It is one thing to be driven from the area of God’s official wings, confident that He will extend His wings over you in exile. It is quite another to move out from under His wings on your own, presumptuously counting on His protection.”
Jesus will be eventually driven out of the Holy City, but He is not to force this. It will happen naturally; it is part of His mission. “When he is driven outside the gates and crucified, his Father will prove that he is with him when he raises him from the dead.” “Jesus said to him, “Again it is written, ‘You shall not put the Lord your God to the test.’” If the devil shows how not to read the Scriptures, Jesus shows us how to read the Scriptures. Jesus is a superior exegete; a superior interpreter than the devil. He teaches us how to read the Bible, so that we might know how to resist the devil. Jesus is alluding back to the people of Israel who doubted God’s provision for them in the wilderness. In Exodus 17 we read that the people tested the Lord. They were essentially saying: “If you are God, why don’t you provide water for us.” In the same manner, the devil thought he would test Jesus as the people of Israel tested Yahweh. Again, Jesus knows that this is not the right time; He knows that Yahweh will provide for Him in His mission, and testing the Lord is just another way of saying “you do not trust God to provide for you at the right time.”
The third and final temptation in our passage is the culmination of the temptations: “Again, the devil took him to a very high mountain and showed him all the kingdoms of the world and their glory.  And he said to him, “All these I will give you, if you will fall down and worship me.”  Then Jesus said to him, “Be gone, Satan! For it is written, “‘You shall worship the Lord your God and him only shall you serve.’”
We know this is the greatest temptation because the devil takes him to a very high mountain; an exceedingly high mountain. As we have seen, mountains play a big role in Matthew’s gospel. Mountains are associated with worship. The fact that mountains are places of worship fits well with the devil’s temptation. The devil wants Jesus to bow down and worship him. The text says that the devil shows him all the kingdoms of this world and their glory. He is tempting Jesus through the lust of the eyes. Again, the third temptation is connected to the other two. It takes a third rebuke for the devil to get the point. And what’s the point? The point is Jesus will become bread and He will eat bread; the point is Jesus will throw Himself under His Father’s wings at the right time; and on this third temptation we need to see also that Jesus is not saying “I don’t want the kingdoms; I don’t want glory,” but rather He is saying that the One who is going to give Him the kingdoms and glory is not the devil, but the Father. Jesus will get everything, but the giver is not the devil, it is Yahweh. Psalm 110 promises that the nations will be given to Jesus as an inheritance. The real issue is an issue of timing. The deceiver wants Jesus to receive all things before the appointed time; but he fails, because Jesus knows that suffering precedes glory.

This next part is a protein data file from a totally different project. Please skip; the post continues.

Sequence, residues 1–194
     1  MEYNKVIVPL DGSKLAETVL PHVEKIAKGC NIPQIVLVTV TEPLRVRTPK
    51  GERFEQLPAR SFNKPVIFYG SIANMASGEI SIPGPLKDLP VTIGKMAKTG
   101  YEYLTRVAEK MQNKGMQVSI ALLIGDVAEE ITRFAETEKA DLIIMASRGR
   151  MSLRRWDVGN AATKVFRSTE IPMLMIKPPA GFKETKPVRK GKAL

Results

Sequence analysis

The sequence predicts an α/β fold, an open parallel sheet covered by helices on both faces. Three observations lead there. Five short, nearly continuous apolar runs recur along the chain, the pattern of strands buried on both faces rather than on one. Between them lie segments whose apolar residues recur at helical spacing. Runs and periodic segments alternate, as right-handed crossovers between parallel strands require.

Our Lord’s forceful and powerful declaration concludes the temptations: “Be Gone, Satan!” You will notice that Jesus doesn’t say: “Be gone Devil” or “Be gone Tempter!” rather he says: “Be gone, Satan!” Satan is a word that means adversary. This word can be used in a legal fashion to speak of a prosecutor. Satan is the prosecutor who brings accusations against God and His people. But here, the prosecutor sits down and quiets himself. He has nothing else to say. He has no more authority.
Jesus responds once more with a passage from Deuteronomy: “You shall worship the Lord your
God and him only shall you serve.” We are called to worship God with our heart, mind and
strength. In the pursuit of righteousness there can be no idolatry. Jesus is establishing a foundation of worship for His people in resisting the devil. The result is that …the devil left him, and behold, angels came and were ministering to him.”
Jesus as the Son of God has moved from being created a little lower than the angels now to be exalted over the angels. They are now ministering to him, serving him.